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The Department of Conservation plans to buy several parcels of Contact Energy land in the Upper Clutha if a funding application is successful.
A report to the Otago Conservation Board this week said the department had applied to the Nature Heritage Fund (NHF) to buy the properties, which supported significant river terrace and dryland vegetation and included threatened flora and fauna, historic features and river access values.
In a subsequent statement to the Otago Daily Times, Doc southern region communications adviser Andrea Crawford said because the funding application process was still under way and due to commercial sensitivity, the department could not provide specific details on the parcels of land or their values.
Contact's trading, development and geothermal resources project manager Neil Gillespie would not disclose any information on the properties either, but said they were not the properties by the Luggate Red Bridge where a community river park had been proposed.
Contact is selling its remaining property holdings in the Upper Clutha as a result of its decision not to proceed with any further hydro-electric development in the area.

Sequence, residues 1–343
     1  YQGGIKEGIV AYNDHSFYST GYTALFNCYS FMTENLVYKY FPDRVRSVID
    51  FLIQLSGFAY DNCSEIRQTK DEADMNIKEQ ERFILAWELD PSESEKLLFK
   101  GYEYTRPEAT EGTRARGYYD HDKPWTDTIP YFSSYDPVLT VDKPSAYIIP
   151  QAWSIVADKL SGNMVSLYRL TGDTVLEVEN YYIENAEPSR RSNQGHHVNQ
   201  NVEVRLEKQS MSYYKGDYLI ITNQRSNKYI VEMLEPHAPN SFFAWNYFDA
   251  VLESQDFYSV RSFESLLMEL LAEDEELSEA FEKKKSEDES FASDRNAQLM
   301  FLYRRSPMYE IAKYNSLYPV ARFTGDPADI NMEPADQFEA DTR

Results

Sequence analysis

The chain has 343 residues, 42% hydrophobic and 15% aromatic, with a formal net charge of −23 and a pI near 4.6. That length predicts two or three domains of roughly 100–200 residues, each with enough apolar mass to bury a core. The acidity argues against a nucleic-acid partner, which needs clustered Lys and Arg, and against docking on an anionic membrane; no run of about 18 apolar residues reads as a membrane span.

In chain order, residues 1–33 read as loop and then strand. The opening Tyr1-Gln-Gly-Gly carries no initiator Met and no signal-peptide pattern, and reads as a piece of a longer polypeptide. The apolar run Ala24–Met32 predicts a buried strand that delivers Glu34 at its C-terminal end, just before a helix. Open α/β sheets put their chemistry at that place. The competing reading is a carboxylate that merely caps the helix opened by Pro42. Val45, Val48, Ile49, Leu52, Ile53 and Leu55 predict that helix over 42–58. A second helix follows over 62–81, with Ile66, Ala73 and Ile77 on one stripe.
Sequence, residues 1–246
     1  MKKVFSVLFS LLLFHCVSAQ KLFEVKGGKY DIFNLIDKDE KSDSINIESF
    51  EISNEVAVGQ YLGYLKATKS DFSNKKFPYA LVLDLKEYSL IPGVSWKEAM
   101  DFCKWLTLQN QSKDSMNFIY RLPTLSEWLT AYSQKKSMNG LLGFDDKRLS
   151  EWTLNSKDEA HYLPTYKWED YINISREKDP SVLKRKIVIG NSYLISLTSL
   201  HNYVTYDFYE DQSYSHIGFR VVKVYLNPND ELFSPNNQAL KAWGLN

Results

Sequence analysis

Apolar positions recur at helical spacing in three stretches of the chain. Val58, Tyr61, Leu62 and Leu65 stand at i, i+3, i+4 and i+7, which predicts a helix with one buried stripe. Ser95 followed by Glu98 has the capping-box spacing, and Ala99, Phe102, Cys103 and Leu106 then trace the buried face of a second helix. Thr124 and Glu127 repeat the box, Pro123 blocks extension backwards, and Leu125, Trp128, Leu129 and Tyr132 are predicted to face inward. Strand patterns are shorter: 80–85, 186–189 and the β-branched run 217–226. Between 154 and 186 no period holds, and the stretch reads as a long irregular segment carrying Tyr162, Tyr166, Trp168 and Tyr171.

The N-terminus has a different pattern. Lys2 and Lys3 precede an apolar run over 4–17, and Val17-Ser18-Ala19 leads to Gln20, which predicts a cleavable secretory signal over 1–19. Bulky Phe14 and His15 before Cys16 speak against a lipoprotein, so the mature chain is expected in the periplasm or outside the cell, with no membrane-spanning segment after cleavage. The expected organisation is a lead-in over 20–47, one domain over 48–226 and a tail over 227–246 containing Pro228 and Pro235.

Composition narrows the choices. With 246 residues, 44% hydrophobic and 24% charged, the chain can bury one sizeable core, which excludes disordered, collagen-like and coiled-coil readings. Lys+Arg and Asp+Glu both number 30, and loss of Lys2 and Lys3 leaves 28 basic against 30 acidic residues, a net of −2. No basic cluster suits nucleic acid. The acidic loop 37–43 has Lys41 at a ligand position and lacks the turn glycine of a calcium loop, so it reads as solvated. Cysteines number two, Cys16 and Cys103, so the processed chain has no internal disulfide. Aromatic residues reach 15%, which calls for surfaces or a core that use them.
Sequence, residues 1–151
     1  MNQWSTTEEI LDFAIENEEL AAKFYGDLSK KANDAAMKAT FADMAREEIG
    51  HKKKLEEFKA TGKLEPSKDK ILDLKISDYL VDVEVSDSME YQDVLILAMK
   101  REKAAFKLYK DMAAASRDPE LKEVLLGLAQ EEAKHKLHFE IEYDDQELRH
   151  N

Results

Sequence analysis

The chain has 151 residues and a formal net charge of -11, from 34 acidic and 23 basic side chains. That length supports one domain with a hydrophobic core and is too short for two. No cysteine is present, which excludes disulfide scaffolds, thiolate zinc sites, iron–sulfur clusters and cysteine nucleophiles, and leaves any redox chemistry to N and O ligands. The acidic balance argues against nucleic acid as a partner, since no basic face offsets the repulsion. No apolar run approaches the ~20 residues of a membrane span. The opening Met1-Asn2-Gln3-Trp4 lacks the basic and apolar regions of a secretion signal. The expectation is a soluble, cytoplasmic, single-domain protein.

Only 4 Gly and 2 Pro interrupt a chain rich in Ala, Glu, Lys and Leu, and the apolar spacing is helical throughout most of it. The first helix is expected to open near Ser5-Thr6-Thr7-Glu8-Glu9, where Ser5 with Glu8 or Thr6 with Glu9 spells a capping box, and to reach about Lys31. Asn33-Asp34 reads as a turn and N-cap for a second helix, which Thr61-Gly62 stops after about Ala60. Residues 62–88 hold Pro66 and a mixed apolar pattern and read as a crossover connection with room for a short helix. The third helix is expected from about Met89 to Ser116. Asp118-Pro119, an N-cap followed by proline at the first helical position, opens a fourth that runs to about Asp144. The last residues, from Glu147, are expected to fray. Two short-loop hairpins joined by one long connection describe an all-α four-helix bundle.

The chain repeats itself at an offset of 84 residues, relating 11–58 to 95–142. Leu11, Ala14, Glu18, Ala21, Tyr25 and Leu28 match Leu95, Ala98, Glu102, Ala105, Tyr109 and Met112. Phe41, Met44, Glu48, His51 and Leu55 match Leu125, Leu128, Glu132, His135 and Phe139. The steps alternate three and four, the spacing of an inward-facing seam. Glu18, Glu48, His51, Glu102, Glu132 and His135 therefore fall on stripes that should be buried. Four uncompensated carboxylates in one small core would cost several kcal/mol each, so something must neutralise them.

Mr Gillespie said about 10 of the 21 Upper Clutha properties the power company owned had already sold and negotiations to sell the remaining 11 were under way with various parties.
In July 2012, information obtained by the ODT from a property sales database showed Contact had 147 individual properties in Otago, covering 13,912.25ha, and valued at $700,860,500.
Included were $432,450,000 for the Clyde Dam and $200,000,000 for the Lake Roxburgh village. The dams aside, the capital value of Contact's Otago properties was $68,410,500.
The property was almost entirely between Luggate and Beaumont, and a small amount in Dunedin.
Although figures from the database did not show what improvements had been made to the land, most of the values at the time of the 2012 article were considerably higher than the ''gross purchase prices'' listed.
A 1.8ha property in Luggate bought in 1982 for $30,246 had increased in value to $365,000, while the value of a 88.83ha property at Mt Pisa bought in 1989 for $871,875 had risen to $1,183,000.
The NHF is a contestable Ministerial fund that is administered by an independent committee, serviced by Doc and receives an annual allocation of funds from the Government.
Since it was established in 1990, it has protected more than 340,449ha of indigenous ecosystem through legal and physical protection such as direct purchase, covenants or fencing.